Volt: Frederick's Electric Addition

By Tom Sietsema
Sunday, October 5, 2008

228 N. Market St., Frederick

** 1/2 (out of four)
Sound Check: 73 decibels (must speak with raised voice)

Volt exhibits all the signs of a luxury American restaurant circa 2008.

Choice of house-filtered flat or sparkling water? Check.

Creativity at the bar? Take your pick from classic or "current" cocktails.

Frequent shout-outs to the restaurant's growers, farmers and ingredients? "We have our coffee roasted for us here in Frederick," a server informs us.

The option of leaving dinner in the hands of a stranger? The five- and seven-course chef's tasting menus take care of that.

Cute tray of desserts to soften the bill? Hello, house-made chocolates.

Sense of whimsy? Just look at the servers' feet. The waiters are wearing Chuck Taylor sneakers with their jackets.

Volt will come as no surprise to anyone who knows its chef, Bryan Voltaggio, a protege of a celebrity chef in Manhattan (Charlie Palmer) and veteran of some well-known restaurants (Aureole in New York, Charlie Palmer Steak in Washington). Ever since his final year at the Culinary Institute of America in 1999, when he was required to build a restaurant in theory, Voltaggio says, "I always knew I'd end up" in Frederick. The chef was born there. He met his wife there. And now, at age 32 and with the help of a co-owner, he's feeding its denizens and area chowhounds in a 19th-century mansion that serves as a grand backdrop to one of the most interesting restaurants in the state.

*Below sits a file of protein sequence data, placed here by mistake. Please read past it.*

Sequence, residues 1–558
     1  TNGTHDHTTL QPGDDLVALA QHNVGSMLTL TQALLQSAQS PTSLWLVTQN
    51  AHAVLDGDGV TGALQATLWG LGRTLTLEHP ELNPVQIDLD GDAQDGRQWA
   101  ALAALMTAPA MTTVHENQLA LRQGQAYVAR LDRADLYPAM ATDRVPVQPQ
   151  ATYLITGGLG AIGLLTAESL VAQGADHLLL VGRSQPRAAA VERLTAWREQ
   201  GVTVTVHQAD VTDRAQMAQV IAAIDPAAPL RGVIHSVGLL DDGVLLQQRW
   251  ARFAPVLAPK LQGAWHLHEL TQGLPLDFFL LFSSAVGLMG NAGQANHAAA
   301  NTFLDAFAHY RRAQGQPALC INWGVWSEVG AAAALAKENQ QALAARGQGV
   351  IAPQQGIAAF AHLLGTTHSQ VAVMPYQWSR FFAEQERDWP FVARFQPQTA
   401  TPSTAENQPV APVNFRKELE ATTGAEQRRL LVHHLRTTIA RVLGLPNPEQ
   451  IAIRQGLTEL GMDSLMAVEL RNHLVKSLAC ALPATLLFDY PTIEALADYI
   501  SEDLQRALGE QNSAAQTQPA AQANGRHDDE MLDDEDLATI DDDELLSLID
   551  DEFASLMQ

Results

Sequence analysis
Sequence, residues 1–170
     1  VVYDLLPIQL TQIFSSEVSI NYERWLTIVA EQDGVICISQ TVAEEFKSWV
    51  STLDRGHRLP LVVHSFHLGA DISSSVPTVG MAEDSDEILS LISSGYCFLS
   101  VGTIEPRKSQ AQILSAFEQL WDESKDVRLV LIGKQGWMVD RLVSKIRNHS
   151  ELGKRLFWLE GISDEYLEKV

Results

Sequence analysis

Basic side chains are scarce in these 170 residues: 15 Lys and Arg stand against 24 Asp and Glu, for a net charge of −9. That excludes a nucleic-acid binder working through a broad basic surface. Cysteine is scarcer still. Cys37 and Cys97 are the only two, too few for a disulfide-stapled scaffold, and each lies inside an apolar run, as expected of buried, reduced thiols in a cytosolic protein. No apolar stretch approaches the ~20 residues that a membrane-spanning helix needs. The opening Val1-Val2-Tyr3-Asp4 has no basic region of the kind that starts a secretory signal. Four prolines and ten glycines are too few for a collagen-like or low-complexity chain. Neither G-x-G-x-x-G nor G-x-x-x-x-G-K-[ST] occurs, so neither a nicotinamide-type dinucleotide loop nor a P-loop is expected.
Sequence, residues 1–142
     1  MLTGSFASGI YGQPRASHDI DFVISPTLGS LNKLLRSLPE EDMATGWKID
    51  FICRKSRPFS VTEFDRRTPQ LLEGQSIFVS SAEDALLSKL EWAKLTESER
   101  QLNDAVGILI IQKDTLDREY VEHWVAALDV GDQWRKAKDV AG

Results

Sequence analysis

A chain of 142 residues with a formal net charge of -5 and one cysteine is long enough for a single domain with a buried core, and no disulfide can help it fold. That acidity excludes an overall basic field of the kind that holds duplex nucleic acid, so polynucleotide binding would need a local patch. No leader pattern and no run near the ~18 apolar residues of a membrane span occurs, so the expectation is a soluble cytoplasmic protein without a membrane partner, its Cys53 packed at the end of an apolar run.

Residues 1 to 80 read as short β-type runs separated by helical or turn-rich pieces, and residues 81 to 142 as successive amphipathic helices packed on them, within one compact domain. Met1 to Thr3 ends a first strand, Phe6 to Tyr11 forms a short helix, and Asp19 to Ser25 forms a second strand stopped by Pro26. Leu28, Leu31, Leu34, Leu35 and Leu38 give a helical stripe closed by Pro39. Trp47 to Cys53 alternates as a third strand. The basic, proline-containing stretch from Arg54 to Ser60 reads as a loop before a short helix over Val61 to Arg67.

Go early to enjoy two of Volt's many pleasures: a cocktail and the lounge. In late August, that meant muddled cherries and peaches in bourbon, a.k.a. "XXX Roy Rogers." A big champagne tub on the counter of the shimmering, glass-topped bar puts customers in a festive mood, and the low sofas and tables suggest the taste of a particularly stylish host.

There are two ways to dine at Volt: in the 38-seat main dining room or in the kitchen, at one of four tables giving patrons a close-up view of their meal being assembled. I can report only on the former, a space that is on the austere side, its walls bare except for white paint, a band of mirror and a large window up front. Diversions come by way of the customers (there's lots of plate trading here) and the servers, who play the role of food curators. Seemingly everything has a pedigree, and no pedigree is left unacknowledged. "The butter is from Vermont," one of them tells us. "The bread is topped with sea salt from the English Channel," she says, adding that the bacon-rosemary brioche and sesame-sprinkled rolls are also baked in-house.

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